Computational and Applied Mathematics:  Magnetic fields in stars and planets are generated by a dynamo process that results from multi-scale interactions of the flows in conducting fluids. On the large-scales, these flows are dominated by a strong zonal component, while the magnetic fields exhibit a strong toroidal/zonal character. Although dissi-pation certainly acts on these flows, the kinematic and magnetic viscosities associated with these large-scale flows are small, so that, over the timescale of several years and beyond, the system may be modelled as a conservative one. In this context, the Hamiltonian formulation may give several insights, providing a systematic way to relate symmetries of the system with conservation laws. In the present article, we introduce the Hamiltonian formulation for a model that reasonably describes the dynamics of large-scale flows in stars and planets: the two-dimensional magnetohydrodynamic quasi-geostrophic equations. In this context, we find the invariants of the system, which are of two kinds: the Casimirs, related to the particle relabelling symmetry, and the zonal momentum, which is related to the translational invariance in the zonal direction. We then use these invariants to study the stability of some stationary solutions that are relevant for geophysical and astrophysical applications.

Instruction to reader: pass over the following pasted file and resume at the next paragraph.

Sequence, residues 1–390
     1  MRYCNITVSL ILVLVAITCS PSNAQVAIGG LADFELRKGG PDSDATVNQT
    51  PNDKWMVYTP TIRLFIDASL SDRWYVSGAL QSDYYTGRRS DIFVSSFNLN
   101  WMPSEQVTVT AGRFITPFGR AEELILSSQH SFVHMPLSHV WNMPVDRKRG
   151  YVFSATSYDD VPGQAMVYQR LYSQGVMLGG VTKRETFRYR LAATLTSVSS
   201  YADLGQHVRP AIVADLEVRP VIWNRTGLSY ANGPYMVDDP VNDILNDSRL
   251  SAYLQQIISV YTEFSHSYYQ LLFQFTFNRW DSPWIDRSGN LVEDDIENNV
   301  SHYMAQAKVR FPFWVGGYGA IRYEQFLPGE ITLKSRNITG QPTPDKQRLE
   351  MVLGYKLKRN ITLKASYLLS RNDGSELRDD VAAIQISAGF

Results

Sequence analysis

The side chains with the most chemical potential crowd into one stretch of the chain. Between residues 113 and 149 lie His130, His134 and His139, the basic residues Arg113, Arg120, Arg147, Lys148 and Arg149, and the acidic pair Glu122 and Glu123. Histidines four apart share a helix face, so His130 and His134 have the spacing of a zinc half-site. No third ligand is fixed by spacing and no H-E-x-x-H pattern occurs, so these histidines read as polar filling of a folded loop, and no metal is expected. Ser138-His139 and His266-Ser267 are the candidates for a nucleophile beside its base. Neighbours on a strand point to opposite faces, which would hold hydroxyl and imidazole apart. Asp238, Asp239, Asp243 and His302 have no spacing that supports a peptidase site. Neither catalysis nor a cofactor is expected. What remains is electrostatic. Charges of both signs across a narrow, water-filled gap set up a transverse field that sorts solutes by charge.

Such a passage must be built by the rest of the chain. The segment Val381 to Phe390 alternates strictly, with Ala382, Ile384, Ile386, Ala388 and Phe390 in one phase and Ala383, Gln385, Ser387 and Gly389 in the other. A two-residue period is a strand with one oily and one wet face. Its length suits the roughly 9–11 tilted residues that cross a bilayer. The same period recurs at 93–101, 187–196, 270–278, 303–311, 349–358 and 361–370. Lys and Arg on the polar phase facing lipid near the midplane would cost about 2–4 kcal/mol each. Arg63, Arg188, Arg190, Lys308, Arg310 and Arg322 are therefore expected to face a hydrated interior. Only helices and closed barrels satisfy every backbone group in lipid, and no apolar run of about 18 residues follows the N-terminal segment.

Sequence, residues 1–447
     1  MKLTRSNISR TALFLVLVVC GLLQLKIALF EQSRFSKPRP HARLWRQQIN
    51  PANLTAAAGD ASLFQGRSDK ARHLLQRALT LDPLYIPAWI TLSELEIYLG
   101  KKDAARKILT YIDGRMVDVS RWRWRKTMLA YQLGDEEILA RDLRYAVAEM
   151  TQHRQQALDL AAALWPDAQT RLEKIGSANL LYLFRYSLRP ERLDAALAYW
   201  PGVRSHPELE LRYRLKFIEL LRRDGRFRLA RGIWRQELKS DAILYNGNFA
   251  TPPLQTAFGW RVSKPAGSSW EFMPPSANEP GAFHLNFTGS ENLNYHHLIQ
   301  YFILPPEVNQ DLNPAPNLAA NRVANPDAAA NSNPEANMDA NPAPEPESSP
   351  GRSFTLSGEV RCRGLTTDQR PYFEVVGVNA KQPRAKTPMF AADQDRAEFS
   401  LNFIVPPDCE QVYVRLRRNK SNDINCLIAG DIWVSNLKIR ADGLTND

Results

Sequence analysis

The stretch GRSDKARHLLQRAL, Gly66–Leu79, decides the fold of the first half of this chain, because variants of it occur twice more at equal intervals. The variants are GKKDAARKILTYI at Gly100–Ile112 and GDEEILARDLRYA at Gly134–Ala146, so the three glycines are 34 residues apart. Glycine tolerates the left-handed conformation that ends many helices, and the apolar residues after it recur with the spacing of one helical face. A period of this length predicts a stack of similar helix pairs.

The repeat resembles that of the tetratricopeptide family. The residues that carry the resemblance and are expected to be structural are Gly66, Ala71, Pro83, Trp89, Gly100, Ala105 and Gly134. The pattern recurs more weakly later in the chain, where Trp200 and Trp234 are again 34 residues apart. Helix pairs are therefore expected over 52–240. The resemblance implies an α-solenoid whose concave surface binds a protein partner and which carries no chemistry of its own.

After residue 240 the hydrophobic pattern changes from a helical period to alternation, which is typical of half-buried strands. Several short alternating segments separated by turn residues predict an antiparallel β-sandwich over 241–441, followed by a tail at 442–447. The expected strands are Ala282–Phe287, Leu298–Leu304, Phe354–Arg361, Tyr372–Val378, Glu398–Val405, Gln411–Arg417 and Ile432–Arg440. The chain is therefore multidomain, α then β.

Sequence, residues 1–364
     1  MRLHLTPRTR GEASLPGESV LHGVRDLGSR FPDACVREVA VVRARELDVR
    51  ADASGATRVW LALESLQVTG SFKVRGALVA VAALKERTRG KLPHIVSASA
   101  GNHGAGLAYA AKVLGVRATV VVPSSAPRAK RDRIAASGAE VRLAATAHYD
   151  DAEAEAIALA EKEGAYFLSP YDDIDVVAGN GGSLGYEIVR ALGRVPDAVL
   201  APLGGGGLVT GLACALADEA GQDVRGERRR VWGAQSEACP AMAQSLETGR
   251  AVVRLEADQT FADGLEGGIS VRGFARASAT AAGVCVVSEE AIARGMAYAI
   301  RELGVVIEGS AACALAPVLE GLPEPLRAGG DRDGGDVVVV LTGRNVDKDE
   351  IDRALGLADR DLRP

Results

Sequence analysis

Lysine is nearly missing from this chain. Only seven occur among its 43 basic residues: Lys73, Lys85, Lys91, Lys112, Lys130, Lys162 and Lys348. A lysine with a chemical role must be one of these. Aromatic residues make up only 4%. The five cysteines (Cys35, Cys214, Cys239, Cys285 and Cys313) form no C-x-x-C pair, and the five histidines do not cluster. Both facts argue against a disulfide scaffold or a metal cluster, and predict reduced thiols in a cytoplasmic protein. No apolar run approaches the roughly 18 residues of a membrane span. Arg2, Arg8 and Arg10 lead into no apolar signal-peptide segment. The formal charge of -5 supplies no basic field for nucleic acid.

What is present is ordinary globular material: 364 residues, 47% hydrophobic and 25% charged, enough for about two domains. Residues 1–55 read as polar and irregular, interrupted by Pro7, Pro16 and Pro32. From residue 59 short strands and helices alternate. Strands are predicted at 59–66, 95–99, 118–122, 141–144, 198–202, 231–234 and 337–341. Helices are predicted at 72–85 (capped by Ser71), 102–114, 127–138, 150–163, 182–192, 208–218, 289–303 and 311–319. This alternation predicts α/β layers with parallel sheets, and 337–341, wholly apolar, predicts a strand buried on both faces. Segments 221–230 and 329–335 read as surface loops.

Quasi-geostrophic MHD equations

The left panel shows the differential rotation profile at the solar tachocline and the left panel shows different toroidal field profiles. The ratio between the meridional gradient of those quantities is determinant in the stability/instability properties of the tachocline flows.